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First of all, I’ll say again: I have no use for four bands of DynEQ on the same channel. One would be sufficient, two would be nice in very very few situations. More channels to apply the DynEQ would be much more useful (read: More simultaneuous inputs/outputs or as said before, make the limiter/deesser optionally switchable to DynEQ).

So what to use ’em for:
Basically the DynEQ can be used for every signal containing a frequency range that gets “strong” when the level rises. Like said singer, but also a guitar with unbalanced sound chanels. If the lead sound is too much of a saw, yet the clean chanel is rather muffled, you turn up the highs in the EQ and set the DynEQ to get active on those highs. It’ll catch them only when there is too much of them.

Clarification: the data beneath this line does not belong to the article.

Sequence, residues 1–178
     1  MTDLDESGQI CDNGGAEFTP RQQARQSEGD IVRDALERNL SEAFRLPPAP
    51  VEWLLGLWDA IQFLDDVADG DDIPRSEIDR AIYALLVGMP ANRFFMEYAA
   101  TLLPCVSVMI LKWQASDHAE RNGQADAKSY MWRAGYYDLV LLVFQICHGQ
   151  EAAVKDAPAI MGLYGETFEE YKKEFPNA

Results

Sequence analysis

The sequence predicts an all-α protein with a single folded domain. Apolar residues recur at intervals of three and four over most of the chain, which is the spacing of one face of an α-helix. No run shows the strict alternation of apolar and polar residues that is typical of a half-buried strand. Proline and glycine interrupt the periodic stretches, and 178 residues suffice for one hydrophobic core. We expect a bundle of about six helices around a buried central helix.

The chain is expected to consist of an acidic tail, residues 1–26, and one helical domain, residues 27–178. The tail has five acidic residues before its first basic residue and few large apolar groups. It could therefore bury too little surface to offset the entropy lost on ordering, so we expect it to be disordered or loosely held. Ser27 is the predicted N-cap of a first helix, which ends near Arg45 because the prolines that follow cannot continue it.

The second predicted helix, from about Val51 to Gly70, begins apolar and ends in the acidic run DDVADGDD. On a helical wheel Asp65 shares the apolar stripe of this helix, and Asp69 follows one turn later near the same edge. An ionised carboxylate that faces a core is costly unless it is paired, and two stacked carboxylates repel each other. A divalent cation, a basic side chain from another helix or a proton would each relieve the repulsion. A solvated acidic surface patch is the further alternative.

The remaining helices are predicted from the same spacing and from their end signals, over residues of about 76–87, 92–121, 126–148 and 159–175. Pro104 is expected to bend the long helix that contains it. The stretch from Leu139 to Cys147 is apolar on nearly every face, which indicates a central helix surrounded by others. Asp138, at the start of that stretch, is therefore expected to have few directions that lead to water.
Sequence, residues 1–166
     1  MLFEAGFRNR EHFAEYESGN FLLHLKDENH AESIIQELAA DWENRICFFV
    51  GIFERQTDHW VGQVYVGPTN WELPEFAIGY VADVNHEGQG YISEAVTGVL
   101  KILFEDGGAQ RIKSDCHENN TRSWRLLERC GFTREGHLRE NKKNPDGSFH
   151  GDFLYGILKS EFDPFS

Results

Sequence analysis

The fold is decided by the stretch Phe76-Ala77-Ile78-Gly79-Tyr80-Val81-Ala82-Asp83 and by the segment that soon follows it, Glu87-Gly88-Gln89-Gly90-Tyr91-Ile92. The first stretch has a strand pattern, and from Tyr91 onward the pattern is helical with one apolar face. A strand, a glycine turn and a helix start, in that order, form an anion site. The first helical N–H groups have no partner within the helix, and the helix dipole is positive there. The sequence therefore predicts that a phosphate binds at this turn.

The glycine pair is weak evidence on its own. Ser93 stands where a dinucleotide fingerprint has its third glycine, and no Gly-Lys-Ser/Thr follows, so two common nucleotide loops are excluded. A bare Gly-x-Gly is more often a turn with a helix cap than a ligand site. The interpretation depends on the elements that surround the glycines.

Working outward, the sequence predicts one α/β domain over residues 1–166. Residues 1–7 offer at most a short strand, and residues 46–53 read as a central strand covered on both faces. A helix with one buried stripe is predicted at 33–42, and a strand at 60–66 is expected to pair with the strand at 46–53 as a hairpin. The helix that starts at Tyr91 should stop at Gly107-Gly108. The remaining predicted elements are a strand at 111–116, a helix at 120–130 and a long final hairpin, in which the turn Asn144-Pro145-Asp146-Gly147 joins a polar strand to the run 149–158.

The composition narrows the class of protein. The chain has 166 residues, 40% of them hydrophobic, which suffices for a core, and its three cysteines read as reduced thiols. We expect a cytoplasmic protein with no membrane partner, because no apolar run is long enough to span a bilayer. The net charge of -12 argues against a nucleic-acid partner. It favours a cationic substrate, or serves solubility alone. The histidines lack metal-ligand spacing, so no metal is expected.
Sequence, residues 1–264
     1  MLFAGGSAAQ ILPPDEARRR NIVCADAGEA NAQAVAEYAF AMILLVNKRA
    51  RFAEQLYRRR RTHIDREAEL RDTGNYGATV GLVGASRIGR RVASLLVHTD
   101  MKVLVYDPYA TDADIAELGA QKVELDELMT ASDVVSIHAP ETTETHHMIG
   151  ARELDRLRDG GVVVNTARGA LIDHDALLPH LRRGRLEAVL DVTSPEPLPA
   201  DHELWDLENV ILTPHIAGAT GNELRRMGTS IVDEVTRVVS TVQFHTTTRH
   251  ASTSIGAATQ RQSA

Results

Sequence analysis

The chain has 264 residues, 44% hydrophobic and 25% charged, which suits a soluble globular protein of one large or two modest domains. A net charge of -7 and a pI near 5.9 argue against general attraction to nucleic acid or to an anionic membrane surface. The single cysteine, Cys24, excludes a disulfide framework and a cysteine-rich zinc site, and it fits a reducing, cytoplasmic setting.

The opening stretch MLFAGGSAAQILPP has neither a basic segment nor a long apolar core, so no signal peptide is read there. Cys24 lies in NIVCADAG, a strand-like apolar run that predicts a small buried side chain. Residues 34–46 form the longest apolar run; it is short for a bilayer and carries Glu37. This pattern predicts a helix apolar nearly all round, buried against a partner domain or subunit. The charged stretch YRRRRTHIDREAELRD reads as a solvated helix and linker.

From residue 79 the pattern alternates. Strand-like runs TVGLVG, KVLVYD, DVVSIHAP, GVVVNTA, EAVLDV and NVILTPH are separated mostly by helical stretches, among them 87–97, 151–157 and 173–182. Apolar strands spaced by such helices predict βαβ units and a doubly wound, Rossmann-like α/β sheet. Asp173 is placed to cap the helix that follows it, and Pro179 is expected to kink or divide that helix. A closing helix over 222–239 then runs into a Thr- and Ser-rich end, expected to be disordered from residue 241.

You could use them on the vocals subgroup where the lowmids can get heavy when four or five singers are singing, but are just fine when only one of them is singing. So set the DynEQ for catching the too much lowmids only.
The multiband compressor can be used to circumvent some of the problems of regular compressors, like the need for a deesser on higher compression. Specialised presets for vocals can work wonders on them.
Also, you can get out a lot of energy out of single chanels or groups. Or you can use it to keep a certain level on a channel/group without getting that process noticeable.